Are Traders Behind The Fall Of The Pound?

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Based on the observed trend in the fall of the Pound Sterling, the currency reacts adversely then slightly gains ground. For a period of time, the Pound will consolidate or trade narrowly within the new low then the cycle will repeat itself.

Fortunately, some positive news about the economy of the United Kingdom has been keeping the Pound Sterling afloat.

Many traders share the belief that the Pound has remained bearish because participants are maintaining short positions in the currency market. Predominantly short positions on a currency means traders are expecting it to weaken and fall further. Thus, they “borrow” the currency for the purpose of selling it down.

If the bearish predictions come true, the traders will simply buy-back the Pound Sterling at a lower price. After returning the cost of the borrowed funds to the creditor, the trader pockets the difference as profit.

The movement of a currency in the foreign exchange market is a reflection of the sentiments of its participants. At any time, the players in the foreign exchange market are the investors, speculators, and fund manager who have their respective opinions on the value of a specific currency.

With the general consensus leaning toward uncertainty about the government’s plan for a post-Brexit Britain, the sentiment of the market for the Pound Sterling has not been optimistic to say the least.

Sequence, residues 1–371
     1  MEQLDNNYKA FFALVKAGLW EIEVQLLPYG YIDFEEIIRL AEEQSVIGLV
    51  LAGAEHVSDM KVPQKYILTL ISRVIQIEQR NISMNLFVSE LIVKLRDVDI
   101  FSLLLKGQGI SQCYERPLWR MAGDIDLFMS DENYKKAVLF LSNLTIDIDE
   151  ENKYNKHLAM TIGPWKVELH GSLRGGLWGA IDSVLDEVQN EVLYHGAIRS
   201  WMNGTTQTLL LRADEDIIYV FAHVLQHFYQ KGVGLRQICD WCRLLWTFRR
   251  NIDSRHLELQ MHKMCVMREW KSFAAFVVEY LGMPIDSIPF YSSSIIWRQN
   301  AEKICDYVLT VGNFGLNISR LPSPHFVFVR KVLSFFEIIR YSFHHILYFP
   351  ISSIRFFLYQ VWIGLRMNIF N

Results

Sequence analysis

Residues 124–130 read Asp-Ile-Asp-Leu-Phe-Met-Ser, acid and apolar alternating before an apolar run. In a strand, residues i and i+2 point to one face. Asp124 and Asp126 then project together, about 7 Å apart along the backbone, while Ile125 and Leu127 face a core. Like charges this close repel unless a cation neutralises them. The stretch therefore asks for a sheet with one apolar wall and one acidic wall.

The truth is, the decision of the United Kingdom to leave the European has only succeeded in shrouding the country under more uncertainty. And with so many questions lingering about the status of the United Kingdom once Brexit has become official, the Pound Sterling will continue to take hits in the foreign exchange market.

Former PM Theresa May’s announcement that the process for undertaking the U.K’s official departure from the EU would be initiated by end-March 2017, failed to buoy the Pound Sterling. It seemed that the sentiment had turned and more Britons were staring to favour a return to the EU.

While some portions of Britain’s exit plan have appeared to be clarified such as its intention to control immigration, the currency market remains unconvinced and has not given the Pound Sterling enough support to get it out of the current lows.

Are There Ways For The Pound Sterling To Recover?

For now, it is unclear if there is a way out for the Pound Sterling to climb out of the bottom of the foreign exchange market. However, there are a few factors that could contribute to a potential recovery in the future.

First, if the Bank of England decides to maintain the current rates of interest or inject more funds into the U.K’s economy, the market may perceive those actions as expressions of confidence and give the Pound Sterling more buying support.

Another bullish development would be if the E.U gives the U.K a favourable trade agreement. Politicians on the side of the E.U who expressed willingness to consider single-market access in lieu of freedom of movement may stimulate confidence in the Pound Sterling.

For the Pound to recover, the politicians involved in making Brexit work should consider the economic repercussions. In time, the U.K’s economic data would strongly have an effect on the movement of the Pound.

For example, if the U.K’s politicians were somehow able to convince companies to stay in Britain, the decision would most certainly prop up the Pound Sterling.

If you are planning to transfer or exchange money in the future, it would be a good idea to stay informed on the latest news on the currency markets.